Denver is Turning its Back on Us by Signing Onto Xcel Energy’s Backroom Deal

Xcel is trying to strike a deal to run our state’s biggest source of pollution for another 13 years– and Denver is on board.

Right now, Colorado’s energy future is up for debate, and Denver is falling on the wrong side of history. Xcel Energy’s draft Electric Resource Plan is under review by the Colorado Public Utilities Commission (PUC). This plan will determine how the state’s largest utility will provide electricity to Colorado communities between now and 2050. This includes the fate of Xcel’s existing fossil fuel plants, including our state’s biggest source of climate pollution, the famously unreliable and costly Comanche 3 coal plant in Pueblo.

The PUC has seen an outpouring of over a thousand public comments for a faster transition to renewable energy, calling for an end to all coal-fired power in Colorado by 2030 at the very latest. Just a week before the commissioners were set to hear the final round of verbal comments from the public on the draft plan, Xcel Energy proposed a settlement that would move the retirement date for Comanche 3 to 2035. Even after retirement, the settlement would allow Xcel to recover the full cost for the remaining balance of the coal plant through rate increases, leaving customers on the hook for Xcel’s poor investments. It also allows Xcel to continue to burn fracked gas for at least 40 years, perpetuating our reliance on fossil fuels and doling out further damage to disproportionately impacted communities.

Notably, not one of the environmental organizations participating in the case signed on– instead, the settlement has been supported by state agencies, the Colorado Oil and Gas Association, and city representatives, including the City of Denver. This settlement agreement directly contradicts Denver’s values. After all, Denver has a goal of 100% renewable electricity by 2030, well before the settlement proposes transitioning away from fossil fuels. And the voters have overwhelmingly voted for Environmental Justice with a yes vote for environmental justice funding via 2A in 2020.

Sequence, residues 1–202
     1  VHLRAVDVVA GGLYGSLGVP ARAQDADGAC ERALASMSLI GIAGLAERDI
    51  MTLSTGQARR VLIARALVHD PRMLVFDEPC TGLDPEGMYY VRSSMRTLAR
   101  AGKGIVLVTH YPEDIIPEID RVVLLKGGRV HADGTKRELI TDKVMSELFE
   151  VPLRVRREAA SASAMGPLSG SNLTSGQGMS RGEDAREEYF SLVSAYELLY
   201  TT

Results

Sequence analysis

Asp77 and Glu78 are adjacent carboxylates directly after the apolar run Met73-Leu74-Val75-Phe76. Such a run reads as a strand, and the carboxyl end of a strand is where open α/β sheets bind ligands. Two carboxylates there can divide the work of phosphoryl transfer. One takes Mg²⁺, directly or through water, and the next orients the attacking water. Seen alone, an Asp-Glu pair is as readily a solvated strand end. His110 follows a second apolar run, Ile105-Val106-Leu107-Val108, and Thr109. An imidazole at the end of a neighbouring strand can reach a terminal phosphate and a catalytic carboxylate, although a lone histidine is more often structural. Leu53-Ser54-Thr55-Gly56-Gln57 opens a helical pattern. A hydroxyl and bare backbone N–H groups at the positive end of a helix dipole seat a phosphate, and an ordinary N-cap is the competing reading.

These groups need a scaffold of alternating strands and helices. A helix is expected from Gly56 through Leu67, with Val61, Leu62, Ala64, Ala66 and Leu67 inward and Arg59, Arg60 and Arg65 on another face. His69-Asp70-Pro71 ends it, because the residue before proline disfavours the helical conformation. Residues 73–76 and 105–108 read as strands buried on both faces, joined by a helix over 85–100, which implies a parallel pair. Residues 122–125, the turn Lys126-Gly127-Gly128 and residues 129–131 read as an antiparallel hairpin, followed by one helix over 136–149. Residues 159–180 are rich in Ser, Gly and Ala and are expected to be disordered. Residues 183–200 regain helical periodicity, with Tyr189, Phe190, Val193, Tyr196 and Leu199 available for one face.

Denverites should see this settlement as what it is: a blatant corporate bailout to allow Xcel to continue to profit at the expense of some of our most vulnerable communities. In Pueblo, Latino communities living near Comanche 3 suffer from elevated rates of asthma and COPD, and don’t even receive the electricity generated at the plant. At a PUC hearing in Pueblo last October, two-thirds of the comments called for a faster transition than Xcel is proposing. In Denver, we benefit directly from Pueblo’s sacrifices, and it’s our responsibility to stand in solidarity with the workers and community in Pueblo that make our lives possible. A compromise on the retirement date for C3 is a compromise on public health. By signing onto the settlement, Denver continues to be complicit in this cycle of extraction and injustice. And Pueblo is not alone- much closer to home, communities in the North Denver communities of Cole, Globeville, and Elyria-Swansea are suffering from health issues triggered by a disproportionate amount of pollution from various sources. Among them is Xcel's Cherokee fracked gas plant, which is under scrutiny for missing air quality monitoring requirements in its permitting process. This settlement could subject 80216, once determined to be the most polluted zip code in the entire country, to decades of additional pollution from the Cherokee plant.

Across the state, communities are waking up to these injustices and demanding better. Denver must seize this opportunity to use its power as a state leader to stand up for what’s right - and that is to withdraw support for this back door deal that suffocates latino communities.

Read the fact sheet on how you can take action:

Denver is Turning its Back on its Climate Commitments by Signing the Xcel Settlement

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